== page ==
1911 Encyclopædia Britannica/Stevenson, Robert Lewis Balfour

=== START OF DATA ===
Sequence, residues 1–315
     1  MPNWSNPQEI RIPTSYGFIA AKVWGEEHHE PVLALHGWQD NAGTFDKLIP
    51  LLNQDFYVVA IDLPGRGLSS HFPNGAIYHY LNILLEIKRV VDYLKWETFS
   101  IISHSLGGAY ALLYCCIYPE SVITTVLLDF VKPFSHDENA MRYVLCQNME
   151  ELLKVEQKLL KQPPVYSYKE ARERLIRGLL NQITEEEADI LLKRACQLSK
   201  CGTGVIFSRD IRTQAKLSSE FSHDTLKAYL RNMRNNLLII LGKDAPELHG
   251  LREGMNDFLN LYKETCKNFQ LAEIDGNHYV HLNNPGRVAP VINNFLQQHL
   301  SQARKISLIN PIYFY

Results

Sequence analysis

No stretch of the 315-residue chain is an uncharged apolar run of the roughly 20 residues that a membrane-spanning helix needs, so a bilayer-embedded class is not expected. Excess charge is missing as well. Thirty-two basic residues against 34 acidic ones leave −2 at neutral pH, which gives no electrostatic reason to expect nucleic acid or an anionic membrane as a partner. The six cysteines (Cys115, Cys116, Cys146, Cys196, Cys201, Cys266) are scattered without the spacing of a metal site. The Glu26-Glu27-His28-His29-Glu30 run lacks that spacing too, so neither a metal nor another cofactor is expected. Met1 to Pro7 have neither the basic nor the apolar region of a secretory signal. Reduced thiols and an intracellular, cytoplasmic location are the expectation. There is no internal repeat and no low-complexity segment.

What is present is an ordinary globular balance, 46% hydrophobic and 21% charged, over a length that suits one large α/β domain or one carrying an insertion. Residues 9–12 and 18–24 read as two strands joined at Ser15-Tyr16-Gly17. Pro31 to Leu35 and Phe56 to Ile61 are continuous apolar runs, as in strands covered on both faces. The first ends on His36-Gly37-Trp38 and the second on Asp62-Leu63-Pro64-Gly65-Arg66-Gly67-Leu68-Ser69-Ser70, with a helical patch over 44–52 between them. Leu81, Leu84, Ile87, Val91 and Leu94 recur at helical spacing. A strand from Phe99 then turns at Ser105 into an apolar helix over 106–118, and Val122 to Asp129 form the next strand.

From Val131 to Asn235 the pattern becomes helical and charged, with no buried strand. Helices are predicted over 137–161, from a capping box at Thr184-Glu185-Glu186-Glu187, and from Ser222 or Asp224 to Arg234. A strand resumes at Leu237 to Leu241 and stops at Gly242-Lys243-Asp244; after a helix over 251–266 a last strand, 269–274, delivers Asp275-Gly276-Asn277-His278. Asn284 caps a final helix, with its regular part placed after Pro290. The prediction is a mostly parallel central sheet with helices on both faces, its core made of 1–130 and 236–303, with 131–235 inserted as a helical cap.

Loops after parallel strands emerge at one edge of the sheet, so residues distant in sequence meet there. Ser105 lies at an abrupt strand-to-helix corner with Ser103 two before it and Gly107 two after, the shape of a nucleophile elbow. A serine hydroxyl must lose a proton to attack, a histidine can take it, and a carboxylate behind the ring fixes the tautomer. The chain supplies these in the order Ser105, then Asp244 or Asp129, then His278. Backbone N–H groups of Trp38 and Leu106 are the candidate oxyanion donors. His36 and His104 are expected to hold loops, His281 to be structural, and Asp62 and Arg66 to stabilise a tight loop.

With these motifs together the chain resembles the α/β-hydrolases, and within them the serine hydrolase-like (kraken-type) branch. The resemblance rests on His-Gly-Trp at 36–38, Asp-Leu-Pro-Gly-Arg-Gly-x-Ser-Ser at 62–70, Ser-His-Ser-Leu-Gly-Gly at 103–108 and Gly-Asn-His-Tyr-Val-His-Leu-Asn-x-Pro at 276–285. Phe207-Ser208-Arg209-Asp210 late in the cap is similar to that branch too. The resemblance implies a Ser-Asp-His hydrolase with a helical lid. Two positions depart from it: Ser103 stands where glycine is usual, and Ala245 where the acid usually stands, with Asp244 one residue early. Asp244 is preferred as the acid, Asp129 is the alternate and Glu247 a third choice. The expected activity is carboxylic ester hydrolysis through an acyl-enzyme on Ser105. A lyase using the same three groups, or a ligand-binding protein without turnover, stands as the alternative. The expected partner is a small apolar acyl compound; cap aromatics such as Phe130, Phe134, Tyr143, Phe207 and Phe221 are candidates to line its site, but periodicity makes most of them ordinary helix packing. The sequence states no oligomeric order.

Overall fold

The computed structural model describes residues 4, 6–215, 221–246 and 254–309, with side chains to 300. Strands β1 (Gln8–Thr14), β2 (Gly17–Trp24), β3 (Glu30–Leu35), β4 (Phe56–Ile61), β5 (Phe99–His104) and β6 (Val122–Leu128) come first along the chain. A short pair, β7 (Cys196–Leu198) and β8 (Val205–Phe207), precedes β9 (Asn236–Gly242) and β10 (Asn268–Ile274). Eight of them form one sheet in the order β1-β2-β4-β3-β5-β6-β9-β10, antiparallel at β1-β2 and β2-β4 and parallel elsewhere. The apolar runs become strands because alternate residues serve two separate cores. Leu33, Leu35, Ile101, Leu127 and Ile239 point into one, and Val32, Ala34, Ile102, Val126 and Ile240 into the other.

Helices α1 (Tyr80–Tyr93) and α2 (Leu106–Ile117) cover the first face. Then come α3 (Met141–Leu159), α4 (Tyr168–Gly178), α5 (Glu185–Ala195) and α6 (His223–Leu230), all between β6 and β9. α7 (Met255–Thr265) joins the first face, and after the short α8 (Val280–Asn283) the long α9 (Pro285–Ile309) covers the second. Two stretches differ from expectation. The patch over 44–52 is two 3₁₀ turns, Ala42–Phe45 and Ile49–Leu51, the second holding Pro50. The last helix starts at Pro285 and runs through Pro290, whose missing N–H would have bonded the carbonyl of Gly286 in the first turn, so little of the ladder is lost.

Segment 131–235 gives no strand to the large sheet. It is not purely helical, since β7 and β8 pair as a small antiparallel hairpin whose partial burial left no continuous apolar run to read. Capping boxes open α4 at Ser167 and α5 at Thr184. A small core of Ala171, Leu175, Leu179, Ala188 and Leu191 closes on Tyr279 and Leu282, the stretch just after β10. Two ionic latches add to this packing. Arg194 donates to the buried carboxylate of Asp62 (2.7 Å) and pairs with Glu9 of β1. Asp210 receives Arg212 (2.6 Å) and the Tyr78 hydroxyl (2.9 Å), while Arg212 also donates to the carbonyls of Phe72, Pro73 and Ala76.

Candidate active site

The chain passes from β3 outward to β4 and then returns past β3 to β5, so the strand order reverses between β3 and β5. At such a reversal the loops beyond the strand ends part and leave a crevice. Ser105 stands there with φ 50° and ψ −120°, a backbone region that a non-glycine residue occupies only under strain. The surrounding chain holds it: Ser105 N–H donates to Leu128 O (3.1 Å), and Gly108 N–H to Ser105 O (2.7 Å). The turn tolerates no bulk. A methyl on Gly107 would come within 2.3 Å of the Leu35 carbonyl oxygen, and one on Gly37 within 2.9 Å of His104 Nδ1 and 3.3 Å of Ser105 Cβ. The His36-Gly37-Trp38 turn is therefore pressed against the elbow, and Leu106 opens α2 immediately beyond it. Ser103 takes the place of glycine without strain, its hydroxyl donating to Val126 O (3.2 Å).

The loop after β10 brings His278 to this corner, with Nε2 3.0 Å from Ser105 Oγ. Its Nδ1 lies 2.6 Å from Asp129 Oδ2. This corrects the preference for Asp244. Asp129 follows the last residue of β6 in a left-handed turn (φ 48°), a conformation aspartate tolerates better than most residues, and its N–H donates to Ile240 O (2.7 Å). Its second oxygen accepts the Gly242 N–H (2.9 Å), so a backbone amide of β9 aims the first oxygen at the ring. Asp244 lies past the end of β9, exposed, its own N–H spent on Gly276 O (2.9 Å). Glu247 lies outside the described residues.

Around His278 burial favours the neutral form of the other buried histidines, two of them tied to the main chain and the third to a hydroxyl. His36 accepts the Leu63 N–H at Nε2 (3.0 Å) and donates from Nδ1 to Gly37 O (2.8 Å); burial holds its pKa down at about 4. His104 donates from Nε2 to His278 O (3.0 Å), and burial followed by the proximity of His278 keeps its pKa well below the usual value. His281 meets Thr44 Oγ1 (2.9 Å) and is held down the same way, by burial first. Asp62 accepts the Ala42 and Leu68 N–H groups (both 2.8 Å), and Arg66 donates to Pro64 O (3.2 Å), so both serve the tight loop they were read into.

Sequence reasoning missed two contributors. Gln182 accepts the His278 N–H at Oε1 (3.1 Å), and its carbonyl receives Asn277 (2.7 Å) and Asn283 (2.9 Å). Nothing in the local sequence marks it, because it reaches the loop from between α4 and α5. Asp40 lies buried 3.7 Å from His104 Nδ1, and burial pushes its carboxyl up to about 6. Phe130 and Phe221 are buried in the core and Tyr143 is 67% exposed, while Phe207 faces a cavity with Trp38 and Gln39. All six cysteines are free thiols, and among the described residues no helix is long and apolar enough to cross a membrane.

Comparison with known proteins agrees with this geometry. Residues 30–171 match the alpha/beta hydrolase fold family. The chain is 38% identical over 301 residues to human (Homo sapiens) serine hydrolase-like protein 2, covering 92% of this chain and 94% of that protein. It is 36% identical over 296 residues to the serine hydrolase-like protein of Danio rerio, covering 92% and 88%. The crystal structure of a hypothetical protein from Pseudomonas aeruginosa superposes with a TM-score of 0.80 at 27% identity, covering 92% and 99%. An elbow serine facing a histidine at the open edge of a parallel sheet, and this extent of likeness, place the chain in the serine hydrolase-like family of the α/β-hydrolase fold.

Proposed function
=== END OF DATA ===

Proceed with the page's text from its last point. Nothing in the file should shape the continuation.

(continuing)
STEVENSON, ROBERT LEWIS BALFOUR (1850-1894), British essayist, novelist and poet, was the only child of Thomas Stevenson, civil engineer, and his wife, Margaret Isabella Balfour. He was born at 8 Howard Place, Edinburgh, on the 13th of November 1850. He suffered from infancy from great fragility of health, and nearly died in 1858 of gastric fever, which left much constitutional weakness behind it. From the age of six he showed a disposition to write. He went to school, mainly in Edinburgh, from 1858 to 1867, but his ill-health prevented his learning much, and his teachers, as his mother afterwards said, “liked talking to him better than teaching him.” He often accompanied his father on his official visits to the lighthouses of the Scottish coast and on longer journeys, thus early accustoming himself to travel. As his health improved it was hoped that he would be able to adopt the family profession of civil engineering, and in 1868 he went to Anstruther and then to Wick as a pupil engineer. In 1871 he had so far advanced as to receive the silver medal of the Edinburgh Society of Arts for a paper suggesting improvements in lighthouse apparatus. But long before this he had started as an author. His earliest publication, the anonymous pamphlet of The Pentland Rising, had appeared in 1866, and The Charity Bazaar, a trifle in which his future manner is happily displayed, in 1868. From about the age of eighteen he dropped his baptismal names of Lewis Balfour and called himself Robert Louis, but was mostly known to his relatives and intimate friends as “Louis.” Although he greatly enjoyed the outdoor business of the engineer's life it strained his physical endurance too much, and in 1871 was reluctantly exchanged for study at the Edinburgh bar, to which he was called in 1875. In 1873 he first met Mr Sidney Colvin, who was to prove the closest of his friends and at last the loyal and admirable editor of his works and his correspondence; and to this time are attributed several of the most valuable friendships of Stevenson's life.